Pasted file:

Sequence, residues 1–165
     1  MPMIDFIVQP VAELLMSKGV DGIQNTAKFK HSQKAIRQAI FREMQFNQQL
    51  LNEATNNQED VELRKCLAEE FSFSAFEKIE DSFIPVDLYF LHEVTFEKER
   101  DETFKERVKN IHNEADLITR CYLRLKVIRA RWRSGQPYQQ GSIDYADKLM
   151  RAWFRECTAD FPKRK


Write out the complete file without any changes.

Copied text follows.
Sequence, residues 1–165
     1  MPMIDFIVQP VAELLMSKGV DGIQNTAKFK HSQKAIRQAI FREMQFNQQL
    51  LNEATNNQED VELRKCLAEE FSFSAFEKIE DSFIPVDLYF LHEVTFEKER
   101  DETFKERVKN IHNEADLITR CYLRLKVIRA RWRSGQPYQQ GSIDYADKLM
   151  RAWFRECTAD FPKRK